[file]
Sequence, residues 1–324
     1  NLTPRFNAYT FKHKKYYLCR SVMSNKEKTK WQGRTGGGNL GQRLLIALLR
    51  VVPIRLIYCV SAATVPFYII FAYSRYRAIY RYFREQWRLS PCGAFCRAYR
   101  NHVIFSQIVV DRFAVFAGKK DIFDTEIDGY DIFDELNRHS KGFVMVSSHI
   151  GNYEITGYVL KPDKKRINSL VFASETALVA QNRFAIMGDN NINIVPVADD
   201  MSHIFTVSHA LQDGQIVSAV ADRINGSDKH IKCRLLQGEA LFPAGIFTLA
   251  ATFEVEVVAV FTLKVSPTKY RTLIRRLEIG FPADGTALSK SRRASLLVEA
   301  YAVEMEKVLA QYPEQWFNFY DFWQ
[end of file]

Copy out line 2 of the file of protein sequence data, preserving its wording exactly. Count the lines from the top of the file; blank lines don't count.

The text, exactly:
     1  NLTPRFNAYT FKHKKYYLCR SVMSNKEKTK WQGRTGGGNL GQRLLIALLR